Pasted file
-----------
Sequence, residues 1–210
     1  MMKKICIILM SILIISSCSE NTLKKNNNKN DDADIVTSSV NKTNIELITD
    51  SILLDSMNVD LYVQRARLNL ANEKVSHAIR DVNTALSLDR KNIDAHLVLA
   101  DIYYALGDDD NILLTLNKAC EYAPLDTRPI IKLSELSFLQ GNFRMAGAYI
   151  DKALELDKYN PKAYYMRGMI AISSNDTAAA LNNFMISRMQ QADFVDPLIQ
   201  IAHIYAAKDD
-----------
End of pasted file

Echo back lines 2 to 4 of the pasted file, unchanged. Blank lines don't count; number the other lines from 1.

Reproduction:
     1  MMKKICIILM SILIISSCSE NTLKKNNNKN DDADIVTSSV NKTNIELITD
    51  SILLDSMNVD LYVQRARLNL ANEKVSHAIR DVNTALSLDR KNIDAHLVLA
   101  DIYYALGDDD NILLTLNKAC EYAPLDTRPI IKLSELSFLQ GNFRMAGAYI